Twitter to Live-Stream Women’s Hockey – New York Times

“I get the press release, jumped out of my seat, slammed my hands on my desk and said no way,” Battaglino said. “I was literally freaking out.”

The partnership with Twitter, officially announced on Tuesday, will provide a hefty lift to the league, which wrapped up a tumultuous second year of operation in March. In 2015, the N.W.H.L. became the first North American women’s professional hockey league to offer players salaries. But last year, difficulties in obtaining new sponsors forced the league to impose pay cuts, leading to increased questioning from fans and players about its sustainability.

The league has also held some appeal for major media broadcasters. Before Twitter, ABC News live-streamed the Isobel Cup, the league’s championship game, in March. During the 2015 season, New England Sports Network, which has the same owners as the Boston Red Sox, also streamed games.

“We are thrilled to feature more live professional women’s sports on Twitter by collaborating with the N.W.H.L.,” Anthony Noto, Twitter’s chief operating officer, said in a statement. “Fans around the world will now be able to view live the fast-paced, exciting action on the ice on the same platform where the conversation about hockey is happening.”

The deal includes 16 regular-season games, the 2018 All-Star Game and two exhibition games where league players will compete against the Russian women’s national team. Currently, the league has franchises representing New York, Boston, Connecticut and Buffalo.

“It’s a landmark partnership for the N.W.H.L.,” said Dani Rylan, the league’s commissioner and founder. “We believe it will lead to other opportunities because of the increased exposure.”

Online streaming is a growing market for professional sports leagues. Last year, the N.F.L. streamed Thursday-night football games on Twitter; this year they will move to Amazon.com. Recently, Facebook has streamed games for the N.B.A. Development League and Major League Soccer.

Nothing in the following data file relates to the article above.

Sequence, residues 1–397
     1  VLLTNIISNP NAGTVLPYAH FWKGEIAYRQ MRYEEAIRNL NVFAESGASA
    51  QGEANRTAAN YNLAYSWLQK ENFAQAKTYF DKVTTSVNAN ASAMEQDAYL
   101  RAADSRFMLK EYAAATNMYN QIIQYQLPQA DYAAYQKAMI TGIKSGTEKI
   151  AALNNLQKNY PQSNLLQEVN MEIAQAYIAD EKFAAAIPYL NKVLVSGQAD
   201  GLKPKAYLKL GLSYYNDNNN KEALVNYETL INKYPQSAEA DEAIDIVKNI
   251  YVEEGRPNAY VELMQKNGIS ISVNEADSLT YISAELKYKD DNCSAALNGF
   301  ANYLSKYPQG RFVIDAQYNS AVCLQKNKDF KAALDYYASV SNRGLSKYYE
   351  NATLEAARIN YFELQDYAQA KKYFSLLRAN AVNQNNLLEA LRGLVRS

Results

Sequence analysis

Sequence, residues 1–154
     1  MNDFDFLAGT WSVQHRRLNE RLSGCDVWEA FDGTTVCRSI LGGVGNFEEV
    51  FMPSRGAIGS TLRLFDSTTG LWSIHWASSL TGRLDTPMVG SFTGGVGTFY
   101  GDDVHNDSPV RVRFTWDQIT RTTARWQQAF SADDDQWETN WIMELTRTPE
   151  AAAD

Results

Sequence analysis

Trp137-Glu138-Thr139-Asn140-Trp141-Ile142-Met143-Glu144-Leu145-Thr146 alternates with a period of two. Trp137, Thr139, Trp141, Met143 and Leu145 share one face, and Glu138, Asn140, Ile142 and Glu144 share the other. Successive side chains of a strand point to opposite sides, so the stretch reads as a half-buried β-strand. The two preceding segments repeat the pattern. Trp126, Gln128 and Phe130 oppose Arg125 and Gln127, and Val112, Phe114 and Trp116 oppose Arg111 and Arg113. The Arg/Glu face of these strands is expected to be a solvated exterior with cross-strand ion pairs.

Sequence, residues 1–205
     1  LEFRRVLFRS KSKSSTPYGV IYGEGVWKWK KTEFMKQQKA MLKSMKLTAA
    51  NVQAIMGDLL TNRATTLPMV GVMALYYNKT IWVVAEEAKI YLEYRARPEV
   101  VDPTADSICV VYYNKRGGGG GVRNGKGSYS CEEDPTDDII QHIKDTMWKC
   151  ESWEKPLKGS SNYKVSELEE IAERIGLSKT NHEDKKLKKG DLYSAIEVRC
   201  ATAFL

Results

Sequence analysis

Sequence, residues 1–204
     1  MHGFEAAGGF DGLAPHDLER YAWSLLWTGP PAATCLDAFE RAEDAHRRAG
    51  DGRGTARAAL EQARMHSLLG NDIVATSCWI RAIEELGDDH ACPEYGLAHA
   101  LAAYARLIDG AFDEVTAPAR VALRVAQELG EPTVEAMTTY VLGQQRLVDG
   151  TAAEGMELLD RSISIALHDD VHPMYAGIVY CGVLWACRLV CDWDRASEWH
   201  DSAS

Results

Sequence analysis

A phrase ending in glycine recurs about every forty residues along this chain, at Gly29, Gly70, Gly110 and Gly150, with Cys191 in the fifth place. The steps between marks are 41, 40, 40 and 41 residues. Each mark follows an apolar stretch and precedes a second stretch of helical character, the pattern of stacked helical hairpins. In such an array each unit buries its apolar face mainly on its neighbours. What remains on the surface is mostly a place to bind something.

The N.W.H.L.’s deal with Twitter is for one year, although Rylan said she hoped it was the beginning of a long partnership. The W.N.B.A. agreement was for three years, and Twitter paid that league an undisclosed guaranteed sum for the right to stream 20 regular-season games this summer.

The women’s hockey league did not release financial details, but it said it would collaborate with Twitter on marketing and promotion of the league and broadcasts, and that the live-streamed games “will also include advertising packages with TV-style ad spots.”

“This is a big first step that is about visibility and growing the game and the league,” Rylan said, adding that it could be a steppingstone to a network deal. “The idea that anyone can watch us from anywhere, at a time when we have just four franchises but expect to grow in the coming years, is very exciting for us.”

Tuesday’s announcement arrives at an exciting time for women’s hockey. The Canadian Women’s Hockey League, which is entering its 11th season, recently announced a partnership to expand to China this fall. The sport is also expected to be a marquee event at the 2018 Winter Games in Pyeongchang, South Korea, particularly stateside after the American women’s national team won a public fight for equitable support in March.

Although both leagues will be without top American and Canadian stars who will be training for the Olympics, a wider platform on Twitter could help cultivate popularity for formerly lesser-known players.

“It’s saying to a huge audience, at least experience us,” Battaglino said. “It’s an experiential sport. You can’t just look at box scores and say, ‘1-0, cool.’ You watch five minutes of our game, and you’re captivated. If what we haven’t done in the past isn’t groundbreaking enough, I think this is shattering the glass ceiling that people have put on women’s hockey.”

The list of games to be available exclusively on NWHL.twitter.com or twitter.com/NWHL, will be announced in September. All other N.W.H.L. games will remain available for streaming on the league’s website.

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